Mr. Lynn's doubts answered
January 15, 2014
To the Editor:
In his editorial, “Looming questions for Vt. Legislators” (1/7/2014), Emerson Lynn raises questions about the feasibility of Vermont implementing a single payer system in 2017. Several of his concerns need to be addressed.
First Lynn raises the issue of cost. He points out that some studies have estimated that Vermont would have to raise $1.6 billion in taxes to fund a single payer system while others assert it would be closer to $2 billion, and he says the discrepancy is not without consequence. However, he neglects to mention that both of these numbers are less than Vermonters now pay in premiums and out of pockets (over $3 billion per year). And, we need to keep in mind that taxes to fund a single payer system will replace premiums (which are really a hidden tax).
Second, the editorial points out that there were many problems with the implementation of the exchange and asks why we should think a single payer system would work better. But, this confuses apples and oranges. What did not work in the exchange was the web-based sign-up system – one that was exceedingly complex because it was an amalgam of many different private insurance plans and policies and different levels of coverage; these further had to be matched to individuals’ different economic circumstances to see if they qualified for a subsidy.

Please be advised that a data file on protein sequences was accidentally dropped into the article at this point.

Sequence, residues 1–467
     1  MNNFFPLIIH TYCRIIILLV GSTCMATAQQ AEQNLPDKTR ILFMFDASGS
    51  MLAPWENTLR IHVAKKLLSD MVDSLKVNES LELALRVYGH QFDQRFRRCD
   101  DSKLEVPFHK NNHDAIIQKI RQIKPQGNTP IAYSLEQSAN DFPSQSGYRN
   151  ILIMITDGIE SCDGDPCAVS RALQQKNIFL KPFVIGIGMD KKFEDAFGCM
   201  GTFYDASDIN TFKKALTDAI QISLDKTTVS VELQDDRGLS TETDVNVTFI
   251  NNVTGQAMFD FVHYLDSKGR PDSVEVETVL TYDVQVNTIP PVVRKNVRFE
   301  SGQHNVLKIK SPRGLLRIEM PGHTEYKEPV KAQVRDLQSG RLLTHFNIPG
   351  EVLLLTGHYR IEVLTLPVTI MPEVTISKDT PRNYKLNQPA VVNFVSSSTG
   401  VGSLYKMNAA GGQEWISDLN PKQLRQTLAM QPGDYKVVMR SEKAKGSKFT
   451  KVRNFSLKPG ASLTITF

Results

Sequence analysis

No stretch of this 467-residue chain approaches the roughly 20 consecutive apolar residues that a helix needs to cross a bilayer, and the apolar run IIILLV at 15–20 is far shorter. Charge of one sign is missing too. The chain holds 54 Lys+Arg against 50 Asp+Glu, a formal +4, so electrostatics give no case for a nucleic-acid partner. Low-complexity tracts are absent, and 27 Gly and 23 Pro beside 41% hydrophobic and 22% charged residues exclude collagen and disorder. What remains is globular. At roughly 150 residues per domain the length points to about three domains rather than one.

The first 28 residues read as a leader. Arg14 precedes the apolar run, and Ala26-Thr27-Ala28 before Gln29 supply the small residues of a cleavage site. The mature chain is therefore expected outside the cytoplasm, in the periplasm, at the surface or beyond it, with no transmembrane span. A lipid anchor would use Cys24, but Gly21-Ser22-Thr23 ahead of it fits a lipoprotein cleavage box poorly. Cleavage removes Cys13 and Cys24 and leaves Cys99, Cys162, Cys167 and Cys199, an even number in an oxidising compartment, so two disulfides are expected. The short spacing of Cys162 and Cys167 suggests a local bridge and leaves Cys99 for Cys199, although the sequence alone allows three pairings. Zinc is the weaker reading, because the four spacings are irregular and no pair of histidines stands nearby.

It is exactly this patchwork of private plans, different levels of coverage, and many different sources of financing that a single payer system avoids. Instead of bronze, silver, gold and platinum plans, and instead of providers billing multiple payers, single payer replaces this with publicly raised funds. Instead of individual and varying plans, these funds would support our health care infrastructure as a public good, so that the care will be there for all of us when we need it. .
Of course, the Shumlin administration will have to present a series of financing proposals to the legislature. Public financing needs to be equitable, progressive and sufficient to guarantee the continued vitality of our health care services. But, keep in mind that Vermonters are already paying for the entire bill. It is simply that our way of paying now, through many different private insurance plans, is not only complex, but also falls more heavily on those with less ability to pay.
When it comes to the quality of health care services, Vermont has always scored extremely high. The problem is not the quality of our health care providers, but our patchwork system of payment. It is not only administratively costly, but also leaves too many Vermonters without access, or with high medical debts.
Since the year 2000, Vermont has commissioned five separate studies (Lewin, Hsiao, Thorpe, BISHCA, and UMASS). Each one has come to the same conclusion – we can provide health care to all Vermonters and contain costs with a single payer system. There is no better roadmap that can accomplish the twin goals of cost containment and universality,